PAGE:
Criminal Defense LawyerLakeland, Tampa, FL

Criminal Defenses May Include Renunciation

A good criminal defense attorney has an arsenal of defenses he or she may call upon to assist a client. One of those defenses may be renunciation.
To be found not guilty as pled according to the defense of renunciation means a defendant is not considered to be guilty of an offense or is not likely to be labelled as an accomplice provided the defendant informs law enforcement in enough time to allow them to prevent a possible crime in progress. Additionally, the defendant is found to have ended his or her participation before the actual commission of the crime and the defendant’s actions, up to the point when he or she ended involvement, did not contribute to the commission of the crime.
Abandonment or withdrawal laws do vary from state to state and it is vital you connect with an experienced criminal defense attorney in order to navigate your way through the criminal justice system. A skilled attorney is able to mitigate your charges, reduce them or even get them dropped, depending on the circumstances of the case. The one common denominator in all states, however, is that the person charged must be able to show they abandoned their criminal intent and genuinely attempted to stop others from committing a crime.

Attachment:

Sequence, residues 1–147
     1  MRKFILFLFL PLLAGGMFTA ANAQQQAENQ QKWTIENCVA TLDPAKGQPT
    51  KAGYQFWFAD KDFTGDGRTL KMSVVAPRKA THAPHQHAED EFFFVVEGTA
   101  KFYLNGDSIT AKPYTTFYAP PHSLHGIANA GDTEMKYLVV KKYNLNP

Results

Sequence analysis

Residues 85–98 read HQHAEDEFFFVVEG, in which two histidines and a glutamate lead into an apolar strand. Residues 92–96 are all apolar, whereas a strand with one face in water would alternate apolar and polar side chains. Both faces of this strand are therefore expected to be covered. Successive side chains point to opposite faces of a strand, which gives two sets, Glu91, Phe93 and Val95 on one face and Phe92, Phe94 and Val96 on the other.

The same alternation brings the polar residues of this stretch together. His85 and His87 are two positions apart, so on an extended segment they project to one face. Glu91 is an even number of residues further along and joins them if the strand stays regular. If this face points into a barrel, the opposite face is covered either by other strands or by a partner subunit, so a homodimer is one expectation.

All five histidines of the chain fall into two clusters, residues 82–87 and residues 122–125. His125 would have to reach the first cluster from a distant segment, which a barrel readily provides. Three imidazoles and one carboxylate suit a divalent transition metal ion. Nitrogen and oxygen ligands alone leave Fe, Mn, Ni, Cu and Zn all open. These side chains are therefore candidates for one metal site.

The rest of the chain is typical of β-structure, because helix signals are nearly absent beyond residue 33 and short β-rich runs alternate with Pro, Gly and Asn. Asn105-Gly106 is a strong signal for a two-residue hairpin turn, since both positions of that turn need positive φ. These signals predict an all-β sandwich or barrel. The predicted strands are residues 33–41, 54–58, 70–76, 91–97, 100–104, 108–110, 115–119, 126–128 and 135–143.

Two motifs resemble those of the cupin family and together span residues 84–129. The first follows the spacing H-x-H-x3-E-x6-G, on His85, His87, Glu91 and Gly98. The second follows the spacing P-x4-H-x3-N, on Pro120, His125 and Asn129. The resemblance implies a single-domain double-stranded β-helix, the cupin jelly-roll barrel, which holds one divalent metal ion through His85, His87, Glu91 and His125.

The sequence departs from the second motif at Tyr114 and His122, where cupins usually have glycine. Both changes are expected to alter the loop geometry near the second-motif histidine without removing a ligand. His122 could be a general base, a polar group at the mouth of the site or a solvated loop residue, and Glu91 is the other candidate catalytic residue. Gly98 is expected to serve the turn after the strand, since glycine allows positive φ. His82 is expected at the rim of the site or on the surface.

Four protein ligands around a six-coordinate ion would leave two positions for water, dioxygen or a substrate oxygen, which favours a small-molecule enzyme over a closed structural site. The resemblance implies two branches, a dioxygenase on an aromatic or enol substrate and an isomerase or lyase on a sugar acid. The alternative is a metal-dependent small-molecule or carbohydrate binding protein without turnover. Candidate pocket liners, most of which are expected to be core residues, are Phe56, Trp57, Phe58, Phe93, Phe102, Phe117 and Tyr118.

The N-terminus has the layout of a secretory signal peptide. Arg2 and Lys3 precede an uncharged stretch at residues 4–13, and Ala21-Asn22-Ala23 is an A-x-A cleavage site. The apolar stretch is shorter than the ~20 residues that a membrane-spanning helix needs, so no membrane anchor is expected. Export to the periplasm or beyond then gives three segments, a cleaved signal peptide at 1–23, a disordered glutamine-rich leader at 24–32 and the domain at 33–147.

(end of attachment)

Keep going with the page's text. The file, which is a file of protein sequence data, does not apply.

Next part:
Typically when the defense of renunciation is brought forward, the prosecutor attempts to prove the abandonment was not voluntary and only occurred because something came up that made the plan to carry out a crime difficult.
Renunciation as a defense against a criminal charge is also known as abandonment and withdrawal. If the defense is successfully pled, it may prove that a defendant is innocent. The main key to pleading this defense is that the abandonment or renunciation must be wholly voluntary. In other words, the criminal must not renounce intentions to carry out the crime as the result of considering that he or she may get caught or because the crime could not easily be carried out.
A defense mounted in a situation where a charged individual voluntarily renounced their goal to carry out a crime or attempted to prevent a crime from happening is referred to as an affirmative defense. The renunciation of one individual does not affect a group of individuals where the others did not also abandon their criminal intentions. It is important to note that abandonment is not a defense to an attempt charge. An attempted crime is one where an individual was interrupted before completing the specific crime.
Refer to Florida Section 777.04(5)(a) Florida Statutes (2004) for further information on the Abandonment Defense.
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